Giving Thanks

By the time you read this, I’ll be on the way to drop the Babe at the airport for his flight to DC. Shhhh! He’s going to surprise our grandson Joell for his birthday on the 25th. More about this later. The holiday will be nice and quiet with my oldest son and me. Looking forward to it, and he loves leftovers! So I won’t be eating them until the devil wears ice skates.

While we know the first Thanksgiving isn’t how we were taught in school, we still remember we need to give thanks for living in the land we do, and that we are free. My sincere apologies to the indigenous peoples, we were terrible to you.

I have to say, Nebraska’s new governor has committed his first faux pas already. He posted a photo of his wife, him, and two grandkids at the kids’ Thanksgiving programs. The little girl was dressed like a pilgrim girl. The little boy, an American Indian. Didn’t anyone in his campaign educate him how bad that is these days? It always should have been bad. We need to respect the Indigenous People. This is not how we do it.

So to prepare for Thanksgiving, I baked Mom’s Mince Meat Pie. Have you ever tasted that? It’s awful, in my opinion. Mom also happened to give me a Pumpkin and Mini Chocolate Chip Bread recipe last time I saw her. She thought it sounded good, which I took as a big hint she wanted me to bake it. So I did today. Made four loaves. Hope she likes it. I’ll drop off her pie and bread tomorrow on the way home of the airport.

And the rest of the holiday weekend? The pups and I will be left to our own devices. Turkey, goodies, and a new Sweet Potato Salad I’m trying, and working on Kayla’s quilt, now that I know I haven’t lost all my skills and confidence. While we don’t know what the first Thanksgiving was really like, we do know it wasn’t idyllic as we were taught. The pilgrims were allegedly thankful for the harvest (and for being alive after their voyage across the ocean). The winter would nearly wipe them out, but they didn’t know that then.

None of us know where we’ll be a year from now. Too many of our friends didn’t make it through this year with us. We remember, and will not forget. We need to give thanks for how our lives are right now, today, and for the hope of what they can be in the next year. A good friend is waiting to hear the fate of a former co-worker; she has disappeared and the Sheriff’s Department is involved, it’s even searching a home in another state; it doesn’t sound good. Another two good friend lost their wives in the last six months, and their lives will never be the same. We can only hope, keep our faith, and give thanks for wherever we are at any given time.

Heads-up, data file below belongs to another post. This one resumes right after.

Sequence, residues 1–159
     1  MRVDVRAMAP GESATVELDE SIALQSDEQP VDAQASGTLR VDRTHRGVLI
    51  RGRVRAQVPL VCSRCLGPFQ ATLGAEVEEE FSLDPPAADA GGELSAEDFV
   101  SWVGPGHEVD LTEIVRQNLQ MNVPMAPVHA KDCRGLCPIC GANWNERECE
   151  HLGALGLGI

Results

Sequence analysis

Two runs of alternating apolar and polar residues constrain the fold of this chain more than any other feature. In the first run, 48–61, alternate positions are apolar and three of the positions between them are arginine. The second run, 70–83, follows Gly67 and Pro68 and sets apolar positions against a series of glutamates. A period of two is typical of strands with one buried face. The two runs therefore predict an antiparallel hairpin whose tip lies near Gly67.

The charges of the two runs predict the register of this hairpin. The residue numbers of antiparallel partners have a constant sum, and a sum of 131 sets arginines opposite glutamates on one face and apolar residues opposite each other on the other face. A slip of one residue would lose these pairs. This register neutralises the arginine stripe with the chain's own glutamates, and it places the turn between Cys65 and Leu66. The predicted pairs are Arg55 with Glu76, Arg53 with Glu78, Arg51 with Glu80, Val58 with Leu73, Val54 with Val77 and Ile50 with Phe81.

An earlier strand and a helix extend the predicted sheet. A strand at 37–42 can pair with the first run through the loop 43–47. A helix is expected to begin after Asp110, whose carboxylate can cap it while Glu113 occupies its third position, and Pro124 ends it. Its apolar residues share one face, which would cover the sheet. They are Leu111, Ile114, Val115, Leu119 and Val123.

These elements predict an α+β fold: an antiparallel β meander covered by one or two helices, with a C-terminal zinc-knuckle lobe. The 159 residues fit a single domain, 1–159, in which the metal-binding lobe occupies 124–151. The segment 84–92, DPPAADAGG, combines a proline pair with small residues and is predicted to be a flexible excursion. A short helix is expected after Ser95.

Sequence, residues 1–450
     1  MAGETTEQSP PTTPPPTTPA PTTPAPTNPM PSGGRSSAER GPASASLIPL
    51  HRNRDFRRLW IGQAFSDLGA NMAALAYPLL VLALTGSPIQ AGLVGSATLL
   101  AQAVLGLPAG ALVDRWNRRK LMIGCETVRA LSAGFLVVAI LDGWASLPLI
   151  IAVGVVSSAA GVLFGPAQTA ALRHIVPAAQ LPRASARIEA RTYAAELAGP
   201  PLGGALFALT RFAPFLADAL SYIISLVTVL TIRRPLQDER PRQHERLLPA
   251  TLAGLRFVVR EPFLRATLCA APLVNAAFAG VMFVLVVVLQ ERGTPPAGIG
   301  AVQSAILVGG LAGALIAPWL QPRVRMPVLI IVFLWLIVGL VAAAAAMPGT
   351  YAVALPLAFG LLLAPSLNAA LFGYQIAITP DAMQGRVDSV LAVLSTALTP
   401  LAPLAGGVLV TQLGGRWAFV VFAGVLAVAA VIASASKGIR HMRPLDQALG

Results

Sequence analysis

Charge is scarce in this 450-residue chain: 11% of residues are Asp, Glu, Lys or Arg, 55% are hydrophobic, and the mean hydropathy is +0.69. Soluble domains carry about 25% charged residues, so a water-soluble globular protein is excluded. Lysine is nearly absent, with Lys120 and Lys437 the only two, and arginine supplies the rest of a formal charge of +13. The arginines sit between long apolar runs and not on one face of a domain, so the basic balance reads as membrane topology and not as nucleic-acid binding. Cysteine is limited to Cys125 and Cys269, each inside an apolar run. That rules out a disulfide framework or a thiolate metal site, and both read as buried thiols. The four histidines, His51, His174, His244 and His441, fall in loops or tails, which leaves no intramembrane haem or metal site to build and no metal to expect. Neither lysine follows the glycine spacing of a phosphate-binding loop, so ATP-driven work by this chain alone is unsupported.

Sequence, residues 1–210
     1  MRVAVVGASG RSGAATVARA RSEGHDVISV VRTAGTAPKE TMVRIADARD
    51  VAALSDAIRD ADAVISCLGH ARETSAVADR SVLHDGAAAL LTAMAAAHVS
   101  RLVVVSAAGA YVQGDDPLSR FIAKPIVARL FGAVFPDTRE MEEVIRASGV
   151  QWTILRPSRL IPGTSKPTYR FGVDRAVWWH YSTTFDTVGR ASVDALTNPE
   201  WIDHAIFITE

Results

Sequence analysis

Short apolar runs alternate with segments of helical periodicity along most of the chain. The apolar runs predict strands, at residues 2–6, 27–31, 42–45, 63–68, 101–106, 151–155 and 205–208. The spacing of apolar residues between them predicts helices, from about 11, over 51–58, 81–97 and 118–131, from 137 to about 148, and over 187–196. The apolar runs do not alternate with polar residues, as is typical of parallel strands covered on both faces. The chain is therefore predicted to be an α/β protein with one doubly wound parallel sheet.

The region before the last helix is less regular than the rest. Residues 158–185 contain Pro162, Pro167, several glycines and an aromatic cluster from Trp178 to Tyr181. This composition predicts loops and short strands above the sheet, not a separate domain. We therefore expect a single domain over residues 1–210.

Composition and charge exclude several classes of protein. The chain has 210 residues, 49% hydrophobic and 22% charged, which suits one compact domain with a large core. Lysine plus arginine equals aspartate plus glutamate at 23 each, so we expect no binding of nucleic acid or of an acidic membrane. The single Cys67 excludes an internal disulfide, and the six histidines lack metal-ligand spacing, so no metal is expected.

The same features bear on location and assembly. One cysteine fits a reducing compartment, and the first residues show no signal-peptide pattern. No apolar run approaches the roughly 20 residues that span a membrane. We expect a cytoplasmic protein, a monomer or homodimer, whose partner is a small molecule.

Should the worst happen to us? Our only choice is to continue on. Yes, it hurts like hell when someone we love more than life itself is taken from us way too soon. We can give thanks because we knew that kind of deep, forever love. It can be from a friend, from a parent, or from a spouse. When we lost my dad, I never wanted to be close to anyone again; I never wanted the chance of something hurting that badly again.

Eight years later, I met the Babe; I learned he had ischemic heart disease. Dang! Finally met someone who would stay, and he had a bad ticker. I was afraid to love him; I was too afraid of losing him before we were even together. That was foolish of me. I’m so glad we talked over my fears. I knew I would have more joy with the Babe than without him. No matter how many years we’d have together, they’d be our best. All these years later, I’m grateful for him and the life we have. We are both lucky, to have each other. Thankful for it all.

Wherever we are next year, I must remember to be grateful for all of this life we’ve had so far. Because we never know. And we’re going to make the most of it all. Thank you for reading; be grateful; see you tomorrow.

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